More Spark Today Pleasesigpic

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              • #8
                i always liked making a first pass with 6011 then cap it with 7018, especially for nasty material or crappy fitup

                thoose are the only two rods ill run the 6011 has nice penetration but dosnt look pretty, the 7018 dosnt have the greatest penetration but can make a nice lookin bead
                DYNASTY 200DX
                SPECTRUM 625
                MM 251
                BWE

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                • #9
                  Jake, that is the combo we always used for open groove welds, I believe that is AWS D1:1 code for open groove, anyway, it was 6010 not 6011, but close enough, but I hate 5P, you know the Red Rod from Cleveland, 5P+ is ok though, I like Hobart Pipemaster 6010 a whole lot too. 7014 is a great rod, but I have lots of trouble running vertical with it. Paul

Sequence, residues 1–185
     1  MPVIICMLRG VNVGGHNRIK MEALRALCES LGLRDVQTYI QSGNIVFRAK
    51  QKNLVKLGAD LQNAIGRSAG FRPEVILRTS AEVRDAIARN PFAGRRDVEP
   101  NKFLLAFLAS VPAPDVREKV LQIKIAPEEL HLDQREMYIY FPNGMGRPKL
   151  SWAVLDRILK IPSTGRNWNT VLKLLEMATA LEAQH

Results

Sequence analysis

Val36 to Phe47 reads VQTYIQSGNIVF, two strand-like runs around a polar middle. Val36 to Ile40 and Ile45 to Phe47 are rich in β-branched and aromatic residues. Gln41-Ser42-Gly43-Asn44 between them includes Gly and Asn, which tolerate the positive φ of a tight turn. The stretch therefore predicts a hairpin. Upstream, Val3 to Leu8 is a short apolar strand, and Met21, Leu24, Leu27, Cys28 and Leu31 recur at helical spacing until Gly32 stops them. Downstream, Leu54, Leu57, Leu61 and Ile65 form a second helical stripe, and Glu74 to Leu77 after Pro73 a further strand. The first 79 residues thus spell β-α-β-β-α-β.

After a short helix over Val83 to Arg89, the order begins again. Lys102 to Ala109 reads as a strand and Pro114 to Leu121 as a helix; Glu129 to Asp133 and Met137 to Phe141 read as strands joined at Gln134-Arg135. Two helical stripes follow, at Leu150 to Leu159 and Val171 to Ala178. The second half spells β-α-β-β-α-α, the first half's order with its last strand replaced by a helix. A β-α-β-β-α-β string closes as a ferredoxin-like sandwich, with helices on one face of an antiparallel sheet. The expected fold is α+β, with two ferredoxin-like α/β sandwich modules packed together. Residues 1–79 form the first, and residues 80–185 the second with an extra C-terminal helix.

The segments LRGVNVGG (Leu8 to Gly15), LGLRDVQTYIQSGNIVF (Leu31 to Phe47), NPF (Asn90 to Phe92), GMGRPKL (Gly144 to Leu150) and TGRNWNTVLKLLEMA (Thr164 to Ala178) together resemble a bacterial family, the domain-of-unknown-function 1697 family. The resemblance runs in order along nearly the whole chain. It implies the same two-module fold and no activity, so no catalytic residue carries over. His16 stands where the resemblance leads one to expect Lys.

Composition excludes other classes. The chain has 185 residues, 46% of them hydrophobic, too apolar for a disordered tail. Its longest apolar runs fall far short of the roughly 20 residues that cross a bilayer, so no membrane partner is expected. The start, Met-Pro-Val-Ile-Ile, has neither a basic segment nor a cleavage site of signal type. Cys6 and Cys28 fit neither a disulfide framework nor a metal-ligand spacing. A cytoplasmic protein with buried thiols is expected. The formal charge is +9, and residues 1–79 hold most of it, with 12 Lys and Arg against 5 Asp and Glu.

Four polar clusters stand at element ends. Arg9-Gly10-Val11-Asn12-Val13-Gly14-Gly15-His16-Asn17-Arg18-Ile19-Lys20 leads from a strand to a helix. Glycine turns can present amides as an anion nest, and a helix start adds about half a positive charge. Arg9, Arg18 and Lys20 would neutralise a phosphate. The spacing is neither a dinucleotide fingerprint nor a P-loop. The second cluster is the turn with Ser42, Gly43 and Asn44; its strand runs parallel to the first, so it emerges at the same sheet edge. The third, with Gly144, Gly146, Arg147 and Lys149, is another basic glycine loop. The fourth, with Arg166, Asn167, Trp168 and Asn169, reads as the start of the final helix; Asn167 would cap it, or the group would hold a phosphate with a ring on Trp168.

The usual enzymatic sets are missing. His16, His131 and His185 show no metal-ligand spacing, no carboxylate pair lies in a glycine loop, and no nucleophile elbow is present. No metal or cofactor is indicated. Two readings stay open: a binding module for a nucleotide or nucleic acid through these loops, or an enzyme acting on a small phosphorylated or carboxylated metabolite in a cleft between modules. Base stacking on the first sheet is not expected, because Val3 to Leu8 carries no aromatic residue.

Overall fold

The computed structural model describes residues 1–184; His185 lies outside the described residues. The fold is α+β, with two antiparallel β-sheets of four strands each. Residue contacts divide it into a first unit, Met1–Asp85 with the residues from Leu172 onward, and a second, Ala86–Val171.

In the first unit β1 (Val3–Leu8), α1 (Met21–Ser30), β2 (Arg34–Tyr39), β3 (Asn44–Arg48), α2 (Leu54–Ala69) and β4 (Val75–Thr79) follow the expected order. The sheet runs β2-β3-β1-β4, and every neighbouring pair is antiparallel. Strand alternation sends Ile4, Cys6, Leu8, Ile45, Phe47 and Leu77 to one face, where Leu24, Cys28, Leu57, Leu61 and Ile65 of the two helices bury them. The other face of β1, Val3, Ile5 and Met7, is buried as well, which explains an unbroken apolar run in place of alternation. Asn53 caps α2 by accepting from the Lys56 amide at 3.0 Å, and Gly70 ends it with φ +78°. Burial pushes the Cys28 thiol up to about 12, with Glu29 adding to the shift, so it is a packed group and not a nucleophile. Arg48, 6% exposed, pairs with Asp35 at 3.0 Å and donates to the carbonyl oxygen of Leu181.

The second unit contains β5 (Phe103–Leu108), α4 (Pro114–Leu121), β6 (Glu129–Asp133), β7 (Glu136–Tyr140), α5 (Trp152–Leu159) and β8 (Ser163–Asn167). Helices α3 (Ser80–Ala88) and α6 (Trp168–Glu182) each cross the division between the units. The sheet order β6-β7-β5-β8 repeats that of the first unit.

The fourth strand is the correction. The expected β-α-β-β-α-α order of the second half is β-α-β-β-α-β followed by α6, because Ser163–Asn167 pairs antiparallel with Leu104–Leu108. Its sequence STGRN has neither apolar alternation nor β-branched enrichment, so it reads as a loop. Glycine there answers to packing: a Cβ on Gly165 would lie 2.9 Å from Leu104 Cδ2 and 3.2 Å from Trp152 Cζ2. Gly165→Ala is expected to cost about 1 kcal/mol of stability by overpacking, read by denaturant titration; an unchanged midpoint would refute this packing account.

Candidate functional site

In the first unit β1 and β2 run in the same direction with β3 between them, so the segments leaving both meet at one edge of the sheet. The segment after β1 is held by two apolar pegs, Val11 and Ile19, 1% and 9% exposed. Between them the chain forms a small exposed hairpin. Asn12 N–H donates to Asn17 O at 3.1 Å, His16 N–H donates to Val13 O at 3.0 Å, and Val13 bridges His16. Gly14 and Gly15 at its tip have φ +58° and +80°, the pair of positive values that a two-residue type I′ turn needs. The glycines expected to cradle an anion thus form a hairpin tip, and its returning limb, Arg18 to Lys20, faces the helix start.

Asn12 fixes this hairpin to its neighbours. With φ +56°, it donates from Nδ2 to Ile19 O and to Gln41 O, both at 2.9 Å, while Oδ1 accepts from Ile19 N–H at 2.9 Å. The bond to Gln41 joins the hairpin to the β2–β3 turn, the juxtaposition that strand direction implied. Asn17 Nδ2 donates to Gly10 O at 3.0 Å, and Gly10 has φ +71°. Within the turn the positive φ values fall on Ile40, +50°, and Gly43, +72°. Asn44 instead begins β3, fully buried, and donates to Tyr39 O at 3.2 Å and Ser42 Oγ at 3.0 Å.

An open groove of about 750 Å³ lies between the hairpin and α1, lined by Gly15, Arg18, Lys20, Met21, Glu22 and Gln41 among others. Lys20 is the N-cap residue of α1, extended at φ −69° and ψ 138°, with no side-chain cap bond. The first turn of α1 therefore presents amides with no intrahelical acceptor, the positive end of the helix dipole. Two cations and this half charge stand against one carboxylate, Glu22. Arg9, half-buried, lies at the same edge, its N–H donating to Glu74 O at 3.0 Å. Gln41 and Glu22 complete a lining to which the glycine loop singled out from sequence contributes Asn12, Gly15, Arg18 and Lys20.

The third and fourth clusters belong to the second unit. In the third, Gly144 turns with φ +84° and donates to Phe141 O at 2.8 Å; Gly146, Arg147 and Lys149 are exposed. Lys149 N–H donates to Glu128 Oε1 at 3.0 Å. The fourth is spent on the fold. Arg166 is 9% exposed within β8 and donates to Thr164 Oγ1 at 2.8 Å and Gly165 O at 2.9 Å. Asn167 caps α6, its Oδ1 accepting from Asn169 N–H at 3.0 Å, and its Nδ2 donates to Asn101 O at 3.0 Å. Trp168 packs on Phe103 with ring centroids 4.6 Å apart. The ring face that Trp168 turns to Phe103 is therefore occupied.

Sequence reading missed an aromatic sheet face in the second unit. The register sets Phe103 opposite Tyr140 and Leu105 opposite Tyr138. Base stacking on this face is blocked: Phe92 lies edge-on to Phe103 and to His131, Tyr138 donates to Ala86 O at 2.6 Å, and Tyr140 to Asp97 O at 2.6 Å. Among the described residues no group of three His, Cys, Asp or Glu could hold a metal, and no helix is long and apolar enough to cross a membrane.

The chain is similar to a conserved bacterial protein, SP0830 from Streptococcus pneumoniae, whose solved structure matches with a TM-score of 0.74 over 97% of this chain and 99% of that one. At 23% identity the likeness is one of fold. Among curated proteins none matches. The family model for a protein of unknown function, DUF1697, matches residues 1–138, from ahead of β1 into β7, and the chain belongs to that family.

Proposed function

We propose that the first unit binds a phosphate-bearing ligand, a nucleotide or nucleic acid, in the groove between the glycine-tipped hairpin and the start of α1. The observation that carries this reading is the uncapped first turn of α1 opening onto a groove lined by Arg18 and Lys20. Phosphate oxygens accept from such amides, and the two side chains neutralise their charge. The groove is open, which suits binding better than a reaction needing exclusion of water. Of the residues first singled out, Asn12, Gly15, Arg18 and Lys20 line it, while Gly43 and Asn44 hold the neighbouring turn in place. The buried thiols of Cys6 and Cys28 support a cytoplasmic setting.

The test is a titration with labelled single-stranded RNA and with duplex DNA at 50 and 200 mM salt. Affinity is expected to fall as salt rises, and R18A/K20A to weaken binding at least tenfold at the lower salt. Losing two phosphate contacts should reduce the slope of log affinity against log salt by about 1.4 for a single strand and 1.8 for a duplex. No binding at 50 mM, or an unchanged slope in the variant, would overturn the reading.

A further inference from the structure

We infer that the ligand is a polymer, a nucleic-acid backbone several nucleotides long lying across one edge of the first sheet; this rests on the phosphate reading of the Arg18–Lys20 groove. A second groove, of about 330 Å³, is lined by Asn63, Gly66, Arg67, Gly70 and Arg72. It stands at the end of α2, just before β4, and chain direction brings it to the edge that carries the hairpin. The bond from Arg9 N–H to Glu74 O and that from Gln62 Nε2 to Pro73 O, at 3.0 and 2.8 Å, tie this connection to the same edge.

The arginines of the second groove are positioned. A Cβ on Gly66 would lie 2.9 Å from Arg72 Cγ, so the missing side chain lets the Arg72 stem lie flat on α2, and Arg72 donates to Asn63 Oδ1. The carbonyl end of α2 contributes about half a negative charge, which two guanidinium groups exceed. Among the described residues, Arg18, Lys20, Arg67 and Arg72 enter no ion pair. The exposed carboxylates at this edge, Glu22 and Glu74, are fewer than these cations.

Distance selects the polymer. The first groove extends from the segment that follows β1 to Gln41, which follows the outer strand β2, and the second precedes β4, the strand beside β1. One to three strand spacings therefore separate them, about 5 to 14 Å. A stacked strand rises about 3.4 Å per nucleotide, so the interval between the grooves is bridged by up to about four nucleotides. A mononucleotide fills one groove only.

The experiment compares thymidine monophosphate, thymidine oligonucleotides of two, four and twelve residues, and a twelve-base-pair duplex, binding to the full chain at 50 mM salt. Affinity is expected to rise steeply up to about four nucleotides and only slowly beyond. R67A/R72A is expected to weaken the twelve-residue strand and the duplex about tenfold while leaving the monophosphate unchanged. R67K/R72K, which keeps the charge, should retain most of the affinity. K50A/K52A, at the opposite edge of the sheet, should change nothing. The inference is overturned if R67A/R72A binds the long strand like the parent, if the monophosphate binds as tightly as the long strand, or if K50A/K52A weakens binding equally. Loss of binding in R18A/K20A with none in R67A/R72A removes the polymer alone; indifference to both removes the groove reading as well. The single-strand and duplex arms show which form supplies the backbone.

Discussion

More Spark Today Pleasesigpic

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                  • #10
                    Dabar, I have to disagree with you about throwing the 6013s in the weeds. I'd use them for hooks to hang stuff in the shop. Just bend some hooks on each end and they will work great.

                    Turboglenn, For welding, 6011 is probably the easiest rod for me to control. It's deep penetrating and fast freezing with light flux so you can tell what's happening. It's not going to leave the prettiest bead though. I started out on 6011 in the 70s with a buzzbox and still use it on structural pipe and stuff like that. 6010 is similar and a little deeper penetration and requires DC. 7018 is a really nice rod once you get the hang of it, but it's harder to learn on IMHO and also does much better on DC. Also, you need to run 7018 hotter than 6010/6011. As a general rule of thumb, I run the amps on 7018 about where I would run one size larger 6011.
                    Jim